Well what a weekend of sport that was. The Formula One heavyweights revved up a Bahrainian sandstorm and thoroughly entertained whilst Dillian Whyte staked his claim in the pantheon of the modern-day greats over 200lbs, knocking out Alexander Povetkin with sheer, raw, brute power. England beat the Albanians at soccer, Maverick Vinales won the Moto GP in Qatar and Francis Ngannou was crowned UFC heavyweight champion. It was knockout sport all weekend.
Looking back at the free run the Cup had in February and early March, you can only conclude that it caught a break. A massive break. Any later and the global sports scheduling would have consigned it down the pecking order in the media. The Cup got lucky this time. The mainstream UK press know that Sir Ben is so interwoven into the public’s sporting conscience that he sells newspapers. Fuse that with a swashbuckling billionaire whose political opinions, business success and tax affairs are scrutinised and opined on, and you have media gold-dust.
The Challenger of Record status ensures that the mainstream will remain interested to a point and that is great. But there’s a limit to how much Cup politics the public will take. This is the eternal battle that the new incumbents leading the sport simply have to grapple with. The lack of a funded event body and a self-imposed hibernation for anything up to three years now, makes momentum hard to maintain in the fickle psyche of the public sporting consciousness.
And the glorious week of rumblings, rumours and ruminations on a Match in the UK next summer have started to feel more and more like a pipe dream as the weekend wore on. Something has shifted in the Cup galaxy. The big guns of Luna Rossa and American Magic, having already fired their media salvos of disapproval are joined now by the Cup titan Bruno Trouble piping in with his disapproval in the French media calling a Match on British water a ‘joke.’ More to the point, he is telling the French that Grant Dalton, who he has a hotline to seemingly, isn’t overly-enamoured with the Isle of Wight and that it is only an option now – but not a favoured option.
My question is, and always has been, on the funding of it all, as I first opined on here last week. I’m not an accountant or particularly au fait with international finance but I think it’s looking harder and harder to see how it would, could or should work. Jim Ratcliffe is not in the business of underwriting Team New Zealand and he has been pretty clear in interviews about not wanting to be seen to be buying the event. So, if you read the tea leaves and take the sheer romance out of the equation of a Cup on the Isle of Wight, you have to conclude that we’re looking at a 2024 defence in Auckland with a series of international regattas to whet the appetite. And, quite frankly, that would do just nicely. I suppose.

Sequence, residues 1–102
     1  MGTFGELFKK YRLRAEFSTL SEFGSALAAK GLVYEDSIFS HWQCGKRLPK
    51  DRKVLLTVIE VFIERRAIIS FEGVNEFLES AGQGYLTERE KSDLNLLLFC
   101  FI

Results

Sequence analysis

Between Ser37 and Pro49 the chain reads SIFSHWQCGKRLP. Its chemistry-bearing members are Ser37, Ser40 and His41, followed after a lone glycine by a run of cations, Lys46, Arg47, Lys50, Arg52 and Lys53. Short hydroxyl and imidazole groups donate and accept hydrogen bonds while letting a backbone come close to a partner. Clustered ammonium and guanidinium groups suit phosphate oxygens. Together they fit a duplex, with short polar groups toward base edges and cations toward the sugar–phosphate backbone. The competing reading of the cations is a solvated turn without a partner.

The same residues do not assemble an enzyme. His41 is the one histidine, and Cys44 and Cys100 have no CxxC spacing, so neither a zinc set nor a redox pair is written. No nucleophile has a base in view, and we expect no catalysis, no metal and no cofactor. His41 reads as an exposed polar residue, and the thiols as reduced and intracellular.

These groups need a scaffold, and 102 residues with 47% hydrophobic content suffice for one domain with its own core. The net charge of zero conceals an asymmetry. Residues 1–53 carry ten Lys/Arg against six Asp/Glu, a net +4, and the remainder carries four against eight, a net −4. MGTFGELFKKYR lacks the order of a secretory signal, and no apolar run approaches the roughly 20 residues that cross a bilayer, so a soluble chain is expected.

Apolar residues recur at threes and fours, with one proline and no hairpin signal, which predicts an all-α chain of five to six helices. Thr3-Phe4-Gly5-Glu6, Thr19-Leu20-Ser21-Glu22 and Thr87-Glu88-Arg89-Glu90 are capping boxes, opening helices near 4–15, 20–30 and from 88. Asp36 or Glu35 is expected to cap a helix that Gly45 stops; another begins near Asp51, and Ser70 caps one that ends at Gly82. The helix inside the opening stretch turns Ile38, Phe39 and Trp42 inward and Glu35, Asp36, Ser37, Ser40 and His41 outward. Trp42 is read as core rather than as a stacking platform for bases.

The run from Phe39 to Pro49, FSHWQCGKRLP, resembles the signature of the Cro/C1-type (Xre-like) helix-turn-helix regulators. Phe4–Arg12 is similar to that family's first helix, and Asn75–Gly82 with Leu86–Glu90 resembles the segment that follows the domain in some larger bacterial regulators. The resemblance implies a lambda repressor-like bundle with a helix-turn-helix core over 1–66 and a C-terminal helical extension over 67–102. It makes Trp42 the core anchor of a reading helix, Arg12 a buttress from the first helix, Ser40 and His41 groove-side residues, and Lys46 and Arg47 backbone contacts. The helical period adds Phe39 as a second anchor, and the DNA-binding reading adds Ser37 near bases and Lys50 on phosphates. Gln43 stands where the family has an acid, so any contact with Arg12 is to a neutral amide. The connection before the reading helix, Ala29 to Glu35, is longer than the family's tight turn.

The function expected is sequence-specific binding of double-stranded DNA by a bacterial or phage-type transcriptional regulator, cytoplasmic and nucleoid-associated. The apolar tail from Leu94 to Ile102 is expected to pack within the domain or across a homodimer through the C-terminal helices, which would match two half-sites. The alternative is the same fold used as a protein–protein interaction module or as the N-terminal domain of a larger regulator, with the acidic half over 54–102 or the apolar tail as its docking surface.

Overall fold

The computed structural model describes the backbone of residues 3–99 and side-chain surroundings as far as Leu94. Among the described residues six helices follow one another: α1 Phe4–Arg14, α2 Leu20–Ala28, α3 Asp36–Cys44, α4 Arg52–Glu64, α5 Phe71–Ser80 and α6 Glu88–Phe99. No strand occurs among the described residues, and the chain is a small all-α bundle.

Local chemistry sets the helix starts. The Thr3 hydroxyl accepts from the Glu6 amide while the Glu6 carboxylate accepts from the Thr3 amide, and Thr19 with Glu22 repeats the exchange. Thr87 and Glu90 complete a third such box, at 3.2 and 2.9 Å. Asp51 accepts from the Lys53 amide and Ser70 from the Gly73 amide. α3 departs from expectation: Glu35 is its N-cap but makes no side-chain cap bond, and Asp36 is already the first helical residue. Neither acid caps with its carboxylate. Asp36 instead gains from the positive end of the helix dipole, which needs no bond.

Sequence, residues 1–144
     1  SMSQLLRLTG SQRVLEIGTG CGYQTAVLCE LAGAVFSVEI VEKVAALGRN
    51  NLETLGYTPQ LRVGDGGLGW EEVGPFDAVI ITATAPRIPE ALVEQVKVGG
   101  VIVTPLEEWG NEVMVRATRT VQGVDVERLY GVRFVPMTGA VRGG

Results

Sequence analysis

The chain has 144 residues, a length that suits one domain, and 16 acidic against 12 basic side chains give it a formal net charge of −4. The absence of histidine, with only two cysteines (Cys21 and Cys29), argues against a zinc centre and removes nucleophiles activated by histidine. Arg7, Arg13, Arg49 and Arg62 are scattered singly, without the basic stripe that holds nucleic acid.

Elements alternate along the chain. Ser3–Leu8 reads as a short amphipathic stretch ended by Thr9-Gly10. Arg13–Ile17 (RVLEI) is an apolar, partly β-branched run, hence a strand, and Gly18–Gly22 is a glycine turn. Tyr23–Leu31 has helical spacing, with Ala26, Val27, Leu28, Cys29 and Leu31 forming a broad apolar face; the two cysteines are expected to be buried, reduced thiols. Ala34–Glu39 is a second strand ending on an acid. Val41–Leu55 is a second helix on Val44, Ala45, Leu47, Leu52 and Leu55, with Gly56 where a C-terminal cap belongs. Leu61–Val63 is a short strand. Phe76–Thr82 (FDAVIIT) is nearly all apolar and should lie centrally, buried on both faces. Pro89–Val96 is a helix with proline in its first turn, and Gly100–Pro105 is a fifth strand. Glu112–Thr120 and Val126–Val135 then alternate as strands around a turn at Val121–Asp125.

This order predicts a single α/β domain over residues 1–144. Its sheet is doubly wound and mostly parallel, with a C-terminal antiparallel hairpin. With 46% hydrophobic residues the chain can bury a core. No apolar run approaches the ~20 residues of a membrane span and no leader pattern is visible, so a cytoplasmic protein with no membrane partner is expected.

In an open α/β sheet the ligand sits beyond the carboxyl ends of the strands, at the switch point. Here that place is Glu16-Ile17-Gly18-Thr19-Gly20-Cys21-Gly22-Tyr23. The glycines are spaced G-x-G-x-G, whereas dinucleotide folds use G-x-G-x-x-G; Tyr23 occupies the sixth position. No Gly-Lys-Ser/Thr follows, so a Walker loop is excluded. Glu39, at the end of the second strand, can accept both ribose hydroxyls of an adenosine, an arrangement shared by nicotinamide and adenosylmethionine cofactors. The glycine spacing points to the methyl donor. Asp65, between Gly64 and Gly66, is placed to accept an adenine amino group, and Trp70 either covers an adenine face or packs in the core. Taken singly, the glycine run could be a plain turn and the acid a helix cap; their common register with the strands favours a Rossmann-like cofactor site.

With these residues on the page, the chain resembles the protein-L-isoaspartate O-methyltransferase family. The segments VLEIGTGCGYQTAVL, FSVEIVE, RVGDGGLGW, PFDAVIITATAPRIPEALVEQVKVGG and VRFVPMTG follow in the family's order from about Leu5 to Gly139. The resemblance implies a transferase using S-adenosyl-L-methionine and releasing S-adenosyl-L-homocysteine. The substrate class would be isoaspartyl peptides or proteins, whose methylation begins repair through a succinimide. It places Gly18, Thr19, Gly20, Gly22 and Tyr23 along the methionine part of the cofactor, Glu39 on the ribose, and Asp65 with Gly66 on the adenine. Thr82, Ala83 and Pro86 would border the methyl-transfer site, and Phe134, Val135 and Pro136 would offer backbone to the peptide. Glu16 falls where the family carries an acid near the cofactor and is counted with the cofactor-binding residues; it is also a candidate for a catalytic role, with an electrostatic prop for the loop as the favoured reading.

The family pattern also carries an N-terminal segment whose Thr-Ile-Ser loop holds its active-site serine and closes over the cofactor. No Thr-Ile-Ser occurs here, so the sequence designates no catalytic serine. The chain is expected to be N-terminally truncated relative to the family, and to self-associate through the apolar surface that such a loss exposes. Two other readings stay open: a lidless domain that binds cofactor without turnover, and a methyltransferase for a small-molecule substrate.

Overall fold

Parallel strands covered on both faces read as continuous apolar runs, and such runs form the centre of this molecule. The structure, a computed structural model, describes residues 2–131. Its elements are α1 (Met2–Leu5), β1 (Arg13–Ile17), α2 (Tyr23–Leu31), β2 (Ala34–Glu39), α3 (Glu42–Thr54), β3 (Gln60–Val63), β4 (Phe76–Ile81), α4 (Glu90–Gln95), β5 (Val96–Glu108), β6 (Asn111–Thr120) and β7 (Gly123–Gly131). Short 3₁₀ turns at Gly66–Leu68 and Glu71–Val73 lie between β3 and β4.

The key thing is to get these boats and teams racing again. A helicopter view comes swiftly to that conclusion. It has to be a priority. How quickly would any other sport die if it was only competed for ever three or four years? It’s just too long. The sponsors don’t like it. The sailors hate it. The owners can’t square the bang for their buck circle and the public view it as an aberration – albeit a colourful one, when it happens. In reality, this is looking like three or four showpieces over the next 18 months in the current boats before everything starts winding up for 2023 with the new boats and a couple of sighters in the northern hemisphere before de-camping to Auckland for the same summer format as we have just had. Is that good enough though? Does that do it? I guess it will have to.
The politics at play here almost feels like a walk across a newly frozen pond. At any moment a crack could appear and very rapidly things could go pear-shaped. We know with absolute certainty that nobody wants to see the 37th edition start in the New York courts. But there’s every reason to think it could. Furthermore, the Kiwis don’t want to start giving long-term advantage to the excluded teams from a 37th protocol and let two, three of four well-funded syndicates have a free run with testing, design, weather data etc and then find that they get mugged in their own backyard in 2024 if they accept a Match in 2022 in the UK.
Allowing those other teams, time out of the protocol restrictions could be a nightmare waiting to haunt the Kiwis down the road. Far better perhaps to tap up the China Sports Group, Emirates, Omega, The Warehouse Group, Gabe Newell etc and wring the Kiwi government in order to limp through to 2024 whilst keeping everyone wishing to multi-challenge under the cosh of tight nationality and other protocol restrictions and to hell with what the Brits say or would like.
The Cup may well be called the poisoned chalice for good reason but the Challenger of Record status is like Paraquat Dichloride – one sip can kill and there’s no known antidote. It’s a tough gig. It’s a rough ride. There’s plenty more to play out before we get an answer, I just hope it’s not the same one as before. What was the question again?